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Pathways after Default: What Happens to Distressed Mortgage Borrowers and Their Homes?

48 Pages Posted: 18 Sep 2011 Last revised: 2 Nov 2011

Sewin Chan

New York University (NYU) - Robert F. Wagner Graduate School of Public Service

Claudia Sharygin

Independent

Vicki Been

New York University School of Law

Andrew Haughwout

Federal Reserve Bank of New York

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Date Written: August 15, 2011

Abstract

We use a detailed dataset of seriously delinquent mortgages to examine the dynamic process of mortgage default – from initial delinquency and default to final resolution of the loan and disposition of the property. We estimate a two-stage competing risk hazard model to assess the factors associated with whether a borrower behind on mortgage payments receives a legal notice of foreclosure, and with what ultimately happens to the borrower and property. In particular, we focus on a borrower’s ability to avoid a foreclosure auction by getting a modification, by refinancing the loan, or by selling the property. We find that the outcomes of the foreclosure process are significantly related to: the terms of the loan; the borrower’s credit history; current loan-to-value and the presence of a junior lien; the borrower’s post-default payment behavior; the borrower’s participation in foreclosure counseling; neighborhood characteristics such as foreclosure rates, recent house price depreciation and median income; and the borrower’s race and ethnicity.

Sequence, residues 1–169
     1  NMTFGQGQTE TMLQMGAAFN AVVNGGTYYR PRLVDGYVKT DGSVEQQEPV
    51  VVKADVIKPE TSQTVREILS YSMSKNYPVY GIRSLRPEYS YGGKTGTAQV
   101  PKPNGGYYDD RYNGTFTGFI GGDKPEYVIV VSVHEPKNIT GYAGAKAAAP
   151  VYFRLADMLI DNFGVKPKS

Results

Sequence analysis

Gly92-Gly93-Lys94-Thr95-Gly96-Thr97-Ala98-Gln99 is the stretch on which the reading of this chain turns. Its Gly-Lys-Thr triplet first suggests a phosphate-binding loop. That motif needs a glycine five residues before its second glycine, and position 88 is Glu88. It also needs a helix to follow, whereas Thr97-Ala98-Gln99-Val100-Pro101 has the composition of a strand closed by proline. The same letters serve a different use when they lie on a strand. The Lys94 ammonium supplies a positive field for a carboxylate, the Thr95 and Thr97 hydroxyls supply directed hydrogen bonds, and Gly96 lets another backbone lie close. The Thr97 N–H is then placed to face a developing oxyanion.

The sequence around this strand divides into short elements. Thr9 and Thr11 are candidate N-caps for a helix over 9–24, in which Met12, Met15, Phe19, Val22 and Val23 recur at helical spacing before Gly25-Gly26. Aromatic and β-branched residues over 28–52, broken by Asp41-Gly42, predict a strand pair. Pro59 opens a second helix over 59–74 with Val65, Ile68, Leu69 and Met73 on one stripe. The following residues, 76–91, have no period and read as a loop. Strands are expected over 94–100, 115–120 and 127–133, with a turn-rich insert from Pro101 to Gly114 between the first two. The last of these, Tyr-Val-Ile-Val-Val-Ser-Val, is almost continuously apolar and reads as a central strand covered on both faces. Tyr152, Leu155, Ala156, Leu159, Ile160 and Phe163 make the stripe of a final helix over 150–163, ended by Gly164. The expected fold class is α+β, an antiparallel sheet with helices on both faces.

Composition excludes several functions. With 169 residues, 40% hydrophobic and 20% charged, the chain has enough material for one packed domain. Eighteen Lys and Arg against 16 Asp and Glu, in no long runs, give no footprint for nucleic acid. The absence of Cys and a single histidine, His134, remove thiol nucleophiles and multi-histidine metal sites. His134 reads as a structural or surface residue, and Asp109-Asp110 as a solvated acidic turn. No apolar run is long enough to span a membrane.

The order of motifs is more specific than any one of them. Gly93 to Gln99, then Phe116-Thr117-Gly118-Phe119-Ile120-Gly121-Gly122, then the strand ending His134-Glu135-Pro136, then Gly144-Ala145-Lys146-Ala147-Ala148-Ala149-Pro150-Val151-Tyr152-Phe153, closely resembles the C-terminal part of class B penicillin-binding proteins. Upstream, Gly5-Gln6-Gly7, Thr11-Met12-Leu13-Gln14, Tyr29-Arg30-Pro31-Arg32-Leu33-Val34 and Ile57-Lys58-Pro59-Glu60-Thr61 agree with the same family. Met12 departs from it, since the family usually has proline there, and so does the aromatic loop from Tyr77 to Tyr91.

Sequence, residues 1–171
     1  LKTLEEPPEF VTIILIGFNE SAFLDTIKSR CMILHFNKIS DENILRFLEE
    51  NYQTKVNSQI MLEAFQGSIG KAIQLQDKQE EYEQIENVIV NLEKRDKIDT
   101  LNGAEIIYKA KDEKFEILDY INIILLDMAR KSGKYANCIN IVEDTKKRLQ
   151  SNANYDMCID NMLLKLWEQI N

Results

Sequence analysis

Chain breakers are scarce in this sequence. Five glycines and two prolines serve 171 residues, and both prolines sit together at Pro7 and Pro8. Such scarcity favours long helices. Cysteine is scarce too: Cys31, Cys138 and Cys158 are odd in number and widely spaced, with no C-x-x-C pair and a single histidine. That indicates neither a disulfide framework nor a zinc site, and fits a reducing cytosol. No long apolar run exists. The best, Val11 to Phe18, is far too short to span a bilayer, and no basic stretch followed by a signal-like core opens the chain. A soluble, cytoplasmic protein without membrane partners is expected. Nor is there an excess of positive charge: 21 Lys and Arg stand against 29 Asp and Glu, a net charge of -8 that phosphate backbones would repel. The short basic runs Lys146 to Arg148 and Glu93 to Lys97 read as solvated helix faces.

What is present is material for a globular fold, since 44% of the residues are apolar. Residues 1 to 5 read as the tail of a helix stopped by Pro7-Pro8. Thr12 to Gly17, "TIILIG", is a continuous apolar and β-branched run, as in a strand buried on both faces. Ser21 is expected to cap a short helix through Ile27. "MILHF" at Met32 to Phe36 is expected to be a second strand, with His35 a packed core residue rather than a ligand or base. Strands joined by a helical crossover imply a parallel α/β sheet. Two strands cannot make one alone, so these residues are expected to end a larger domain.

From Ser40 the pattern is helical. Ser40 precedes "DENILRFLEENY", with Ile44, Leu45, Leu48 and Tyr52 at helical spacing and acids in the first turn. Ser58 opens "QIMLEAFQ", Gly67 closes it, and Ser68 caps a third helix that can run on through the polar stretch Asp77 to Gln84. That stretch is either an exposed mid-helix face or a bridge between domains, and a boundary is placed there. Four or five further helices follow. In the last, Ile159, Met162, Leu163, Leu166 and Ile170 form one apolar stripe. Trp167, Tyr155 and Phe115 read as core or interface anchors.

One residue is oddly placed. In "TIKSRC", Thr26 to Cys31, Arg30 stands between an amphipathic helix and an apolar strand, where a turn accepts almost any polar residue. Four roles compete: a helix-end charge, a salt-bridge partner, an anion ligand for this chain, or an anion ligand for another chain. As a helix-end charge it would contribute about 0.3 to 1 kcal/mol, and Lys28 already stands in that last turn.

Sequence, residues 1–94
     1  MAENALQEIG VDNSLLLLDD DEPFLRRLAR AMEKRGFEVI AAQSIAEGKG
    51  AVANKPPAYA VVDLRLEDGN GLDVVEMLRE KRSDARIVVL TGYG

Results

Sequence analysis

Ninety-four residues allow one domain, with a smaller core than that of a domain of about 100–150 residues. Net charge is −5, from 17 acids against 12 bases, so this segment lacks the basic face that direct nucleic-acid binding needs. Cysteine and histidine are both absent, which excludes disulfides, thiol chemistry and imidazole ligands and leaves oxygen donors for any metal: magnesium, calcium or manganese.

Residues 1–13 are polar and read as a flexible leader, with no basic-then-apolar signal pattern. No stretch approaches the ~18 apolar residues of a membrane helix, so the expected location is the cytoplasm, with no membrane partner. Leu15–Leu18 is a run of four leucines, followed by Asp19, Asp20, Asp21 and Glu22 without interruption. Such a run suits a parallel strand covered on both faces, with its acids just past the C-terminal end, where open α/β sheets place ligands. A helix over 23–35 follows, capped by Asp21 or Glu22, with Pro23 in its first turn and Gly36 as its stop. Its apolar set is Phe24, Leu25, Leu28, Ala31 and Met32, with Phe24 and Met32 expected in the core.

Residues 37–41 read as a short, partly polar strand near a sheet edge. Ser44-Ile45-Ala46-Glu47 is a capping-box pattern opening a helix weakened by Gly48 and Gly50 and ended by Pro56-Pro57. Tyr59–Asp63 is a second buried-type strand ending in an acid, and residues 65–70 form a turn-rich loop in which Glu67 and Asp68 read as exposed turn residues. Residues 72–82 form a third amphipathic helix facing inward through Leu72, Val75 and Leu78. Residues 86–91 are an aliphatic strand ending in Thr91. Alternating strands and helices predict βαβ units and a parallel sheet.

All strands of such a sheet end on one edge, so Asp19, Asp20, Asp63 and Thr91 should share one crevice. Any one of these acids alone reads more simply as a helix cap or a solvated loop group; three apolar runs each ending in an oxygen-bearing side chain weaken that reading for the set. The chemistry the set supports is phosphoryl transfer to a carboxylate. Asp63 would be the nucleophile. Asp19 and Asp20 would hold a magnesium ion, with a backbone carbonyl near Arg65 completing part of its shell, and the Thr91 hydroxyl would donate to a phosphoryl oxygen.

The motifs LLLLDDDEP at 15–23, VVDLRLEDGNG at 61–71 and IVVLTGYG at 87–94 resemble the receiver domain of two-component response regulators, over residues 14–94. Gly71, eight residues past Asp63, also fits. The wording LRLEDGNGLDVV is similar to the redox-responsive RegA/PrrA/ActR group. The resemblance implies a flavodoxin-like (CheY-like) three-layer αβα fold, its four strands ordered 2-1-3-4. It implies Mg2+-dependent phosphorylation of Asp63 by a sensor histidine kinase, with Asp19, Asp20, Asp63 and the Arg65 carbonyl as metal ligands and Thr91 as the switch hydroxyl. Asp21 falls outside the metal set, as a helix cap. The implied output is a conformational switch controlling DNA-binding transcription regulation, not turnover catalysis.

Keywords: mortgage, default, modification, foreclosure, REO

JEL Classification: R31, R38

Suggested Citation

Chan, Sewin and Sharygin, Claudia and Been, Vicki and Haughwout, Andrew, Pathways after Default: What Happens to Distressed Mortgage Borrowers and Their Homes? (August 15, 2011). NYU Law and Economics Research Paper No. 11-33. Available at SSRN: https://ssrn.com/abstract=1928212 or http://dx.doi.org/10.2139/ssrn.1928212

Sewin Chan (Contact Author)

New York University (NYU) - Robert F. Wagner Graduate School of Public Service ( email )

The Puck Building
295 Lafayette Street, Second Floor
New York, NY 10012
United States

Claudia Sharygin

Independent ( email )

No Address Available

Vicki Been

New York University School of Law ( email )

40 Washington Square South
New York, NY 10012-1099
United States
212-998-6223 (Phone)
212-995-4341 (Fax)

Andrew F. Haughwout

Federal Reserve Bank of New York ( email )

33 Liberty Street
New York, NY 10045
United States
212-720-2685 (Phone)
212-720-1844 (Fax)

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